A Glimpse of a Solar Eclipse (Astronomy)

The solar eclipse scheduled for June 10 will be barely visible only in the central-northern regions of Italy. The advice to follow it, along with the other phenomena that will characterize the sky this month

The appointment with the next solar eclipse is for 10 June , but unfortunately it will only be visible from central northern Italy in a very partial way. The annular eclipse phenomenon can only be observed in a narrow belt that will cross Canada, Greenland and northern Russia, passing through the north pole.

On our territory the event will begin, albeit with differences of a few minutes between the various locations, around 11:35 am and will end around 1 pm Practically, at a latitude lower than that of Florence the eclipse will be completely invisible. And, in any case, the darkening of the solar disk that can also be observed from the northernmost areas of our country will be just a few percentage points. In Milan, in fact, the shadow of the Moon will begin to be seen on the solar disk starting at 11:36 am, the maximum coverage, equal to 3.5 percent of the whole Sun, will be reached at 12.20 and the eclipse will end at 13 and 4 minutes. In Bologna, the eclipse will begin at 11:48, the maximum is expected at 12:23 with a dimming of just 1.5 percent of the solar disk.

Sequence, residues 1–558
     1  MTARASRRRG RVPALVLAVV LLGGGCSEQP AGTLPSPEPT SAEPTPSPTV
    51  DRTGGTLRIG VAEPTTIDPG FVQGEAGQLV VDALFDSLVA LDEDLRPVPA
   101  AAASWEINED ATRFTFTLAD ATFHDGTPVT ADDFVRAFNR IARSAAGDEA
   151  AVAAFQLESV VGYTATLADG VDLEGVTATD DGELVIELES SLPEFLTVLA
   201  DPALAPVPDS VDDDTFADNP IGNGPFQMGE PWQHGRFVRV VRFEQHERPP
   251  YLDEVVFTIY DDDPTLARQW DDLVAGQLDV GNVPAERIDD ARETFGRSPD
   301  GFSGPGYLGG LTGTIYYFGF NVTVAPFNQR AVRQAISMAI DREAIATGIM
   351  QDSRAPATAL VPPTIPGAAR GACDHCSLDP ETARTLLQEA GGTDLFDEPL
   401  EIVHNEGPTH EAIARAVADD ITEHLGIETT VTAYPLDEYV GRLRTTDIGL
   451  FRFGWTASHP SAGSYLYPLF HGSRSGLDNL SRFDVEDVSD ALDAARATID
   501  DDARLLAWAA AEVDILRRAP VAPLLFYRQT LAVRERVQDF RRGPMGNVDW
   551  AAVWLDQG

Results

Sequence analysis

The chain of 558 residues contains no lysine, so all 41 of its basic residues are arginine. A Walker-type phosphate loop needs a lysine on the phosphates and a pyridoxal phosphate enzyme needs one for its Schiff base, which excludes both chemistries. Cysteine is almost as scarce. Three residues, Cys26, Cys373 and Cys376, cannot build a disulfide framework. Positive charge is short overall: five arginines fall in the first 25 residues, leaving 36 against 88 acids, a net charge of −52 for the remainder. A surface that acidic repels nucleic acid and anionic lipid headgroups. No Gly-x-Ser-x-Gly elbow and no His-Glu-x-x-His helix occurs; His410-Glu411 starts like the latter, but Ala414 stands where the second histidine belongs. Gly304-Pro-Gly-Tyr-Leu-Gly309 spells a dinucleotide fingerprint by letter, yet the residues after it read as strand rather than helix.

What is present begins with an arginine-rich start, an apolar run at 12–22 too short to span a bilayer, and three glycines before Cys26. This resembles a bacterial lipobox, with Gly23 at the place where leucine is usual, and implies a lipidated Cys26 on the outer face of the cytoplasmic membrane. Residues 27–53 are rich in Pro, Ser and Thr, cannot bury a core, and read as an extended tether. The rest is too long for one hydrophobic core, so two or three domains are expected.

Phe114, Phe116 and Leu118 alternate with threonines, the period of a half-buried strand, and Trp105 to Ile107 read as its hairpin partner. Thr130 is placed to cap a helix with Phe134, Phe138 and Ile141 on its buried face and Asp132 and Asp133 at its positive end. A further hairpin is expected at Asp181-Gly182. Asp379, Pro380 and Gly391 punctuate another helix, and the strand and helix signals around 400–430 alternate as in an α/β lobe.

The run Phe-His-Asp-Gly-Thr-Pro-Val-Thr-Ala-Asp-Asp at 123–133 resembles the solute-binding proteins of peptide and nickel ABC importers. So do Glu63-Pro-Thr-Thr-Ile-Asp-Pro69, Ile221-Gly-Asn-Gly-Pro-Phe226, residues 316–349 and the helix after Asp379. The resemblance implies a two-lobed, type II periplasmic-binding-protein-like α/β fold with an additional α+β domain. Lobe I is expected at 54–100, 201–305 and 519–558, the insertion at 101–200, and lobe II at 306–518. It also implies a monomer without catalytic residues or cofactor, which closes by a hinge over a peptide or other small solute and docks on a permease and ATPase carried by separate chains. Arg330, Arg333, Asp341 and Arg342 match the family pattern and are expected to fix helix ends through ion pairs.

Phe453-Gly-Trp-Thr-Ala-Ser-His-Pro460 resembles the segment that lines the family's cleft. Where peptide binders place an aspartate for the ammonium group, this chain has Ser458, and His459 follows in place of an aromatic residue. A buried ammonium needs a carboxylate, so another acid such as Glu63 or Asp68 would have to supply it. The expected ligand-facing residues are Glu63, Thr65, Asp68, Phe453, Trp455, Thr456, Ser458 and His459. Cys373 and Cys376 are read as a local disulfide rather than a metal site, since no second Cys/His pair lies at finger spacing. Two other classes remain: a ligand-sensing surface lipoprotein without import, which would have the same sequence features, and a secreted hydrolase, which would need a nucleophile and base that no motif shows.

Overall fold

Wherever you are, we recommend that you never look directly at the Sun or, worse, use instruments such as binoculars or telescopes without the necessary certified filters. The risk, very serious and concrete, is that of irreversibly damaging your eyes.

Do you want to know more about the solar eclipse, the planets, the conjunctions and the constellations that will be visible in the skies of June? Then you just have to watch the video below that we have prepared for you as always:

Featured image: An image of the 2012 solar eclipse from Queensland, Australia. Credits: GLORIA Project

Provided by INAF

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